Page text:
Monday, May 30, 2005

stupid blog mess

There is so much you can do on the internet. So much wonderful stuff. This is apparently my English speaking profile. What is yours? (Who cares, actually? Soon I will return to spirit-blogging.)

Your Linguistic Profile:

50% General American English

40% Dixie

10% Yankee

0% Midwestern

0% Upper Midwestern

I hope to have "Dixie" creep up to 100% some day. For now, I am gratified that it is what it is. I have got to beat down that phonetic yankee. Was Sherman's march to the sea not enough, but now there must be linguistic hegemony? Shame.

lee nelson and the field of stars

For those of you who don't know, Lee Nelson is walking the Camino de Santiago at the moment. I urge you to check out what has become his travel blog. While you're at it, say the Glorious Myeteries for him, or maybe the Itinerary.

May the Almighty and merciful God direct him in the way of peace and happiness, and may the Angel Raphael accompany him on the way, so that he may return home again with peace, and health and joy. Amen.

Thursday, May 26, 2005

i hate labyrinths

Here are some tips on walking a labyrinth:

1. Focus by pausing at the entrance. Become centered. Give acknowledgment through a bow, nod, or other gesture and then enter.

2. Walk purposefully while observing the process. When you reach the center, stay there and focus several moments. Leave when it seems appropriate. Be attentive on the way out.

3. When leaving turn and face the entrance. Give an acknowledgement of ending, such as " 'cha" or "Right on" or even "Amen."

4. After walking the labyrinth reflect back on your experience.

5. Walk often.

I found this advice here, and to it I would only add:

6. Be crucified with Christ and washed in his precious blood, that you may be delivered from your sins, and live with him in his glory.

What do you think of the emperor's new clothes? What is your favorite substitute for being sanctified?

a long time ago, in a galaxy far, far away....

Last night I saw the new Star Wars movie. I have to say it was pretty good. I agree with most of what the Times had to say. It was marred by some silly dialogue, as remarked, such as

"You're so beautiful!"

"I love you."

"No, I love you."

"No, I love you!"

And Anakin still sometimes seemed like a petulent child (why is his nickname "Annie?" isn't that gay?). There are also some silly bits about fighting for democracy and let freedom ring, but apart from that, I was impressed. Possibly it was because the movie is pretty dark. Another good decision: Jar-Jar-Binks appears only once, for about three seconds, and is completely silent.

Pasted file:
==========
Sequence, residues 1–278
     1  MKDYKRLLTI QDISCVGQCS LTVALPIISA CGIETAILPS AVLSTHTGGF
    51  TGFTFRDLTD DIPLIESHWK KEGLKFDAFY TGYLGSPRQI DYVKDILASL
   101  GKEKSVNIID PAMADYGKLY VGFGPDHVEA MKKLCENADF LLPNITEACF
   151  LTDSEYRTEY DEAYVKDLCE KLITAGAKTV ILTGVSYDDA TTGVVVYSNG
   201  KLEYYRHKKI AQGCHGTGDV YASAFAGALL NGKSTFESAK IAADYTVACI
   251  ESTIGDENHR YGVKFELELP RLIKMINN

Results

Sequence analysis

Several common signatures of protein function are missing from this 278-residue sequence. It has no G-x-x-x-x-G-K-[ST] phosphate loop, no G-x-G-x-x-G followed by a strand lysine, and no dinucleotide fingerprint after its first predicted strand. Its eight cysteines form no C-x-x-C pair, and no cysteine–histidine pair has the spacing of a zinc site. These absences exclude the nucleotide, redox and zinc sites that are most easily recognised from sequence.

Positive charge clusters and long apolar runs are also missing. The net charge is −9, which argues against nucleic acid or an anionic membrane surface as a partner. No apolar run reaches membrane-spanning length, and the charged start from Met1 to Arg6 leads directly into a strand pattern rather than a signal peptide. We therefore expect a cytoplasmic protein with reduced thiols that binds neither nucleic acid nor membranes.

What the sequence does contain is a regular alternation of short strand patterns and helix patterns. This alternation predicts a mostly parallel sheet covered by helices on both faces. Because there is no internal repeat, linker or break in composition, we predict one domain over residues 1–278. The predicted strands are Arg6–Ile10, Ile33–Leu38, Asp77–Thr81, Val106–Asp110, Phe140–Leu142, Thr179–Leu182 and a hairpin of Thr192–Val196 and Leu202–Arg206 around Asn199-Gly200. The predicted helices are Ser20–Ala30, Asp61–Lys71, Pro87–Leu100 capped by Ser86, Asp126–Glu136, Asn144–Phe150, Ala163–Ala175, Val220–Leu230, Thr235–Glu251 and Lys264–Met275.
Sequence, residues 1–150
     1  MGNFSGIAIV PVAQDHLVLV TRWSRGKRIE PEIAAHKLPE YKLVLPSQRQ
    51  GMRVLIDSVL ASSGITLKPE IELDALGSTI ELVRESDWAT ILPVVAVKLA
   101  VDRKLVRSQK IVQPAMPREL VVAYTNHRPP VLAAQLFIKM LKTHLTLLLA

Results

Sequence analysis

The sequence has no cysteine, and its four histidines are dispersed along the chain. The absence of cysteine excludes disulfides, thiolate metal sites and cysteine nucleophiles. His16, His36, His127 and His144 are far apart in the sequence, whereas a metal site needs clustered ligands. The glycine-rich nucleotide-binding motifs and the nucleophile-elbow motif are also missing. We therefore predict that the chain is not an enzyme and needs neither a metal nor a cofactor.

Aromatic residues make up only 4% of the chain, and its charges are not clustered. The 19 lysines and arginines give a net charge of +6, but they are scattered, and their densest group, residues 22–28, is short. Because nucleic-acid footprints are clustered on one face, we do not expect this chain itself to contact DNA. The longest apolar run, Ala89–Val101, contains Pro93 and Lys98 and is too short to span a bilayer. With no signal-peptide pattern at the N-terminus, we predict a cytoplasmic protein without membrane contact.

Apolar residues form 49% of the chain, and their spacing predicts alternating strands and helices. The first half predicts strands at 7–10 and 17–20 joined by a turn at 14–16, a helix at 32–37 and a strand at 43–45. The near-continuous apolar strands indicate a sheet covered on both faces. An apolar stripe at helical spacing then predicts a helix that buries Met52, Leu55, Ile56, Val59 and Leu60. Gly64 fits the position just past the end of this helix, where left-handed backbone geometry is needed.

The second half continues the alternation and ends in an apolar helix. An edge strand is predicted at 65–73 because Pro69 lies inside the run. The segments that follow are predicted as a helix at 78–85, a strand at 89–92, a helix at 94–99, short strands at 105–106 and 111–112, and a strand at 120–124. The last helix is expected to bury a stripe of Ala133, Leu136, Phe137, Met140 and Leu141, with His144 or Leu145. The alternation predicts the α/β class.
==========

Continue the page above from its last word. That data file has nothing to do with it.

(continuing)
The last fifteen minutes or so of the movie is a fairly overt transition into the aesthetic of the first three movies (Episodes 4-6), with the Nazi-esque uniforms and the 1970's starship computer buttons. That was bold, and a nice touch (I thought).

philip turner on the ecusa

"We must say this clearly: The Episcopal Church's current working theology depends upon the obliteration of God's difficult, redemptive love in the name of a new revelation. The message, even when it comes from the mouths of its more sophisticated exponents, amounts to inclusion without qualification."

(From the current issue -- June / July 2005 -- of First Things)

Turner is complaining about the Episcopal Church's new theology of "radical inclusion", which works itself out practically in such things as the notion of an "open table" and of the Clinical Pastoral Education requirement in most dioceses (I complained about that all Summer once).

He's absolutely right. ECUSA's new theology leaves no room for notions of sin, redepmtion, forgiveness, repentance, justification, sanctification, holiness of life, etc. etc. Insofar as ECUSA engages, practically, with such things, she engages them on her own terms, not on the terms of the 2000 year old Catholic Church. I.e. ECUSA says "we are Christians" -- though by "Chrisitan" she means something other than what the Church has always meant hitherto. The working theology of radical inclusion within ECUSA may therefore safely be regarded as non-Christian.

Tuesday, May 24, 2005

the pontificator

Fr. Kimel has gone over to Rome. The Episcopal Church has lost another faithful and very talented priest. Read about his decision here. We wish him well, of course. And I must say that I am grateful for his ministry with Pontifications. It has been very helpful for me and many others. I hope he continues with it.

Monday, May 23, 2005

behold, i am come...

I have returned, and am in the midst of a complicated graduation ritual, stretched over three days.

One (of the many) wonderful thing(s) about parents is that they buy you stuff. Specifically, they buy you The People's Anglican Missal, A Handbook for Priests, The Priest's Manual, and the Classics of Western Spirituality John of the Cross volume.

Wednesday, May 18, 2005


Hello, friends, from the Pittsburgh airport. I am en route to what I hope will be my last meeting with my diocesan authorities before my priesting. I shall return late Friday night, and probably will not have much internet access till then.

In the meantime, ponder these things in your heart, namely my chief (possiblyh only) objections to Papism: (1) the doctrine of the pope (specifically, infalibility, and certain titles like 'head of the Church on earth') (I'm very happy to call him the Christ Vicar, the Patriarch of the West, Primus inter pares, etc. etc.), (2) the notion that the late Marian doctrines are, in fact, dogmas, elements of the Catholic Faith, apart from which there is no salvation. Now I believe the Marian doctrines (I think), i.e. her Immaculate Conception and Assumption -- I just don't think that its necessary that everyone believe them. But then again, not even the Roman Church says that its necessary that one believe that its necessary that one believe Mary was Immaculately Conceived and assumed bodily, etc. (Do you follow me?) What do you all think?